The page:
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Annual dental exams and cleanings are recommended to protect your pet from many health problems and help them maintain a healthy and clean mouth.

Dog having its teeth brushed
Dog having its teeth brushed


Imagine what your mouth would feel like if you never brushed your teeth or went to the dentist for a cleaning. For many dogs and cats, this is a painful reality; dental disease is the most frequently diagnosed health problem in pets. According to the American Veterinary Dental Society, more than 80% of dogs and 70% of cats have dental disease by the age of 3.

Why do pets need dental care?

Many health problems start in the mouth. Plaque, tartar, periodontal disease, and infected teeth serve as a source of inflammation and infection for the rest of the body.

Dental disease is one of the most common problems that we see in dogs and cats. It can cause drooling, reluctance to eat, swelling, bad breath, redness of the gums, loose teeth and tooth discoloration.

Common signs of dental disease include:

  • Yellow or brown buildup (tartar) on the teeth

  • Red, swollen or bleeding gums

  • Bad breath

  • Excessive drooling

  • Changes in eating or chewing habits

  • Pawing at the face

  • Swelling or abscess on the face

  • Loose teeth

  • Depression or lethargy

When should I seek dental care for my pet?

Even if your dog or cat has not yet demonstrated these symptoms, we recommend that you have a veterinarian evaluate your pet’s dental health at least once a year. Bacteria and food debris accumulate around the teeth and, if left unchecked, will lead to deterioration of the soft tissue and bone surrounding the teeth. This decay can result in irreversible periodontal disease, tooth loss and possibly expensive oral surgery.

Dental disease can also affect other organs in the body; bacteria in the mouth can get into the bloodstream and cause serious infections in the kidneys, liver, lungs and heart. If these dental problems aren’t detected early and treated promptly, they can often lead to systemic infections or permanent damage to internal organs and even possibly result in death. A complete physical exam combined with laboratory tests can determine if an infection in the mouth has spread to other parts of the body so that appropriate treatment can be started immediately. However, as with most things in life, an ounce of prevention is worth a pound of cure, so preventing dental disease with routine dental cleanings is the best way to avoid potentially painful and costly health problems.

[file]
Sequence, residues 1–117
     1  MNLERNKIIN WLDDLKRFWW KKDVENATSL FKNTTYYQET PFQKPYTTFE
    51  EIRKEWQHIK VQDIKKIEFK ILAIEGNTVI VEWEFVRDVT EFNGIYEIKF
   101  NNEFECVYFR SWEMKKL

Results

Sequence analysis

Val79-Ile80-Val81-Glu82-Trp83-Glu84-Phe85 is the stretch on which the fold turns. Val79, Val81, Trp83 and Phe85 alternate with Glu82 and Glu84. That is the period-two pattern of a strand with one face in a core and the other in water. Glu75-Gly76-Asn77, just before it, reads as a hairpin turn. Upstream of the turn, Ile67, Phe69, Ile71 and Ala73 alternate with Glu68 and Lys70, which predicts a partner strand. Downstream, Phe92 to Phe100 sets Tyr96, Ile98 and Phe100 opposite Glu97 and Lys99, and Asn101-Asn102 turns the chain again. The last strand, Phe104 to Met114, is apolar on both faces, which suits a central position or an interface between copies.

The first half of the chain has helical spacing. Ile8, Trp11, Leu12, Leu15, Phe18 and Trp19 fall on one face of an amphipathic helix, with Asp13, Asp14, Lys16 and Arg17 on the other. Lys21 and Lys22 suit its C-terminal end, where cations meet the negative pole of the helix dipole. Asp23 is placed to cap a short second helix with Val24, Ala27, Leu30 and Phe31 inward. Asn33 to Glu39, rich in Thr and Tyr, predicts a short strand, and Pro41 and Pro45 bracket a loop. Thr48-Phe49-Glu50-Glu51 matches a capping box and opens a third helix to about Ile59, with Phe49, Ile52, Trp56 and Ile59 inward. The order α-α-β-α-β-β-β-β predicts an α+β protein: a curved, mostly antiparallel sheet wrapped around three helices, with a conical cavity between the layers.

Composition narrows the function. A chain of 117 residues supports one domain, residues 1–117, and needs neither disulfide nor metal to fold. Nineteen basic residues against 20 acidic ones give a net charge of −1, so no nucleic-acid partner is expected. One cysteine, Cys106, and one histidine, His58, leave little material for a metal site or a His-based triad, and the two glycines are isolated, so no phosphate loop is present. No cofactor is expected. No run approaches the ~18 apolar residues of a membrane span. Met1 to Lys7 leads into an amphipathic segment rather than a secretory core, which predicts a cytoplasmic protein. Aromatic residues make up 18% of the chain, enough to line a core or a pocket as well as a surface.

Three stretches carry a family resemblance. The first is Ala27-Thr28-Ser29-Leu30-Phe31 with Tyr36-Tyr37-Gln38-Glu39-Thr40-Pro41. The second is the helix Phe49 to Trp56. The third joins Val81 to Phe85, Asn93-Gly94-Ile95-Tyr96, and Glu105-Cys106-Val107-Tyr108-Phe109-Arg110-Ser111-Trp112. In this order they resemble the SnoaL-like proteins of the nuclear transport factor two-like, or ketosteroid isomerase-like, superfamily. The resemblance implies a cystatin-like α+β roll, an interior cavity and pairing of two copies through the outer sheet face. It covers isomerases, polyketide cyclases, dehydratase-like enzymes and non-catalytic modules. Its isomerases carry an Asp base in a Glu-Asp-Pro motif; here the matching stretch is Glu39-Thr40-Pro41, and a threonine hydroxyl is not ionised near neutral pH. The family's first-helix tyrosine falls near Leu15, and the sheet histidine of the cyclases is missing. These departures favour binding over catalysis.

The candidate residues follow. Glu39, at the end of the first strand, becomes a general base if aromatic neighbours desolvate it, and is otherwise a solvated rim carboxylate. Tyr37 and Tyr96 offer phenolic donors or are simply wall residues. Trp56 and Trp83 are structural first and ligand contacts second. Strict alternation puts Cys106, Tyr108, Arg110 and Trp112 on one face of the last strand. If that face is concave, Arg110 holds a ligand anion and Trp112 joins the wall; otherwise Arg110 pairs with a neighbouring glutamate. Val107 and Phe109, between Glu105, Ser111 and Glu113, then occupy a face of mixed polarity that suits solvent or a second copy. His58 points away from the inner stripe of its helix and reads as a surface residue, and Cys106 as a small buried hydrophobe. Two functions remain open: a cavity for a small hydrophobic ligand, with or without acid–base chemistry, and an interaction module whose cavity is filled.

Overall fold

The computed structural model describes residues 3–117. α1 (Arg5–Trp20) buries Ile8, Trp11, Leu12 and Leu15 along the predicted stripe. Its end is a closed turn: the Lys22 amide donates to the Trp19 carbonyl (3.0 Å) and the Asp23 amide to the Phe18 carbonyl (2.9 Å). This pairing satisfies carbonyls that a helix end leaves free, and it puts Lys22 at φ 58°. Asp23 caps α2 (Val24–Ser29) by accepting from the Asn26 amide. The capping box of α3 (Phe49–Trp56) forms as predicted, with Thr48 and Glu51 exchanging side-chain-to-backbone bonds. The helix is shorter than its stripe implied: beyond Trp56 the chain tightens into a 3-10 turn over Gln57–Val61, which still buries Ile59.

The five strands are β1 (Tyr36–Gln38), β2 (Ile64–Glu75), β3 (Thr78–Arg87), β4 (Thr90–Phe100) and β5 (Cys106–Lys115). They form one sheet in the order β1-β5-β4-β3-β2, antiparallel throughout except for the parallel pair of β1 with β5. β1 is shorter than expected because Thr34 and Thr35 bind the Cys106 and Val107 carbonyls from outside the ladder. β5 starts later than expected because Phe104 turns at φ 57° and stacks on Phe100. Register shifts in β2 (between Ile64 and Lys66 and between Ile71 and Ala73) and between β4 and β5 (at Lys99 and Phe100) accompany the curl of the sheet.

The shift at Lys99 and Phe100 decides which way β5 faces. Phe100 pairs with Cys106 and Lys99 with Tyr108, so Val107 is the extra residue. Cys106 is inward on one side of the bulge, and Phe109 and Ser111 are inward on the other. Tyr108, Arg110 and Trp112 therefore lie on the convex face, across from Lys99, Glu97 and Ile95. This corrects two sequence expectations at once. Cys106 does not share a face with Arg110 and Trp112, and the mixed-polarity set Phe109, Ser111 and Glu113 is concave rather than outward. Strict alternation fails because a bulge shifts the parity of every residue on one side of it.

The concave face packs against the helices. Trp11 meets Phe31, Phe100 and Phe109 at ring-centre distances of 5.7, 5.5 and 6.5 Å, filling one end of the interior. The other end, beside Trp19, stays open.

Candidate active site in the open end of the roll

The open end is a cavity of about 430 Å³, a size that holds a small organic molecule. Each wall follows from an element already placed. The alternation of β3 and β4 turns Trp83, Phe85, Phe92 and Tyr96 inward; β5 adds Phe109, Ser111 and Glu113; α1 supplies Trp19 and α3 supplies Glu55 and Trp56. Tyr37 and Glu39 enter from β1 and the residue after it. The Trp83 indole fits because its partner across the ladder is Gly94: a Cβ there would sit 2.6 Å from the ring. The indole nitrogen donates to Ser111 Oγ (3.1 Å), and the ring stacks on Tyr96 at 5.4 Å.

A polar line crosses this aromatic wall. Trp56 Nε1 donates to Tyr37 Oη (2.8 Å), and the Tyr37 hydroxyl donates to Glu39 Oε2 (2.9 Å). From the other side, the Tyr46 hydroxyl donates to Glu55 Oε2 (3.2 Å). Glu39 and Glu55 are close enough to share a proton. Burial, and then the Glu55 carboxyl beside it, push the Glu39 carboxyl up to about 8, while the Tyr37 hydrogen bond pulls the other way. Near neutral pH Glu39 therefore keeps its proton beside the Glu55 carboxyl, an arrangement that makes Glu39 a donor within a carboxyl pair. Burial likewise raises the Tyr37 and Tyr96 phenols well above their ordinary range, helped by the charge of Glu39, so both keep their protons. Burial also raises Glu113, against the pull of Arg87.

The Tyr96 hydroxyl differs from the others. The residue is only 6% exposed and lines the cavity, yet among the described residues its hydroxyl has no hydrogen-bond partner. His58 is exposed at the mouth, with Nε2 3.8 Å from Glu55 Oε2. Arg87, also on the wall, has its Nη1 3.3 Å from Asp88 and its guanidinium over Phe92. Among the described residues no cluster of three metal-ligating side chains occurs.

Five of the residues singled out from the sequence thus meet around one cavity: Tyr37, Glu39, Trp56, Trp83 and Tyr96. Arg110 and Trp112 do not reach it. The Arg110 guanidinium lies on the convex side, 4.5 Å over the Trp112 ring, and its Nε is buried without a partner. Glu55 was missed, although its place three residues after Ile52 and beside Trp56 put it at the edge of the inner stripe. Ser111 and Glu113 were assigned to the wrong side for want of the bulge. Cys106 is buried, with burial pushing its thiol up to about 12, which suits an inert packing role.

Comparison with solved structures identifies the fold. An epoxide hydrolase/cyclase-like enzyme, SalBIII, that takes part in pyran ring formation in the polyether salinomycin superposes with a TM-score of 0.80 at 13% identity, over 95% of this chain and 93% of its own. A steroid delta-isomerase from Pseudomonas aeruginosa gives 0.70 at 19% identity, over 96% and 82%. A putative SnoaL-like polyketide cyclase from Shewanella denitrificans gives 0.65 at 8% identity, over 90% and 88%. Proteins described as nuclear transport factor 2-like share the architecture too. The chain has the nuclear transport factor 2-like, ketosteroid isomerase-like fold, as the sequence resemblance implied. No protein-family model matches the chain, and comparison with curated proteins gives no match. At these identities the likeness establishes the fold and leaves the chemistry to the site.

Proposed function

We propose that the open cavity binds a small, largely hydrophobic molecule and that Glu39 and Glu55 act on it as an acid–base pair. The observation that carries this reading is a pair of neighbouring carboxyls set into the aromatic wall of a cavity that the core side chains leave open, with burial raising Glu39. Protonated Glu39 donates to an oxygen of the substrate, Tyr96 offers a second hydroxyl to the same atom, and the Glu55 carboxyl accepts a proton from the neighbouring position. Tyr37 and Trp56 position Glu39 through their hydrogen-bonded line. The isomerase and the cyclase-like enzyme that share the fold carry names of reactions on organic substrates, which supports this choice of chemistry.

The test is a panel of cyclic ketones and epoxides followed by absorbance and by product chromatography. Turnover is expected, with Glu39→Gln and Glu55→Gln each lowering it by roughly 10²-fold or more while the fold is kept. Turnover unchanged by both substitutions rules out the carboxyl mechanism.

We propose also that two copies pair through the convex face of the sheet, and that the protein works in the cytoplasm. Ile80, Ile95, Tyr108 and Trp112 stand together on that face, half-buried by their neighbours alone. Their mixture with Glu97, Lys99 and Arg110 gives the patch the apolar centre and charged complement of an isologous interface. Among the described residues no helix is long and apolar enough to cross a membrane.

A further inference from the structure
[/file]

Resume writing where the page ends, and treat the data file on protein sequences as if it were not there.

In order to do a proper exam and deep cleaning of your pet’s full oral cavity, general anesthesia is essential. Without general anesthesia, there is no way for us to safely and adequately visualize all the surfaces of each tooth in your pet’s mouth and probe the periodontal pockets surrounding each individual tooth, not to mention trying to do any kind of dental surgery or extraction. In addition, having an endotracheal tube in place for your pet to breathe during anesthesia prevents any dental debris or fluids from entering its airway, leading to possible respiratory infections. Once your pet’s teeth are cleaned they are then thoroughly polished, which helps delay future tartar buildup. If necessary, dental x-rays may be taken to evaluate any questionable teeth and appropriate therapy taken. Unfortunately in many cases, the extent of the dental disease is so severe that extracting the tooth is the best solution to prevent further damage to adjacent teeth. It is not uncommon for clients to comment on how much better and more youthful their pet feels after their dental procedure!

The truth about “anesthesia-free dentistry:”

It is nearly impossible to do a proper evaluation and cleaning of your pet’s teeth in an anesthesia-free setting. Dental cleanings without the benefit of general anesthesia are not doing your pet any favors and are a waste of your money. Consider how much cooperation and understanding is required on your part when you have your teeth cleaned by your dentist. It’s unreasonable to expect a dog or cat to remain just as still for a proper exam and cleaning to be performed when it is getting its hair and nails done by the groomer! This doesn’t take into account the possible damage to your pet’s gums, tongue or lips during the struggle and the false sense of security of inadequately cleaned and examined teeth. It’s much like putting a fresh coat of paint on a wall in your house that has dry rot… it looks great, but the wall will eventually collapse and your entire house may fall over…. certainly not the most cost-efficient solution!

Our goal is to provide the best possible dental health care for your pet, which should not only save you money in the long run but will also result in the healthiest and most comfortable outcome for your pet, as well as add to his or her overall longevity.

So, schedule your pet’s dental exam today! We can also show you how to brush your pet’s teeth and recommend foods and treats that will help combat plaque and tartar buildup, thereby prolonging the time intervals between dental cleanings.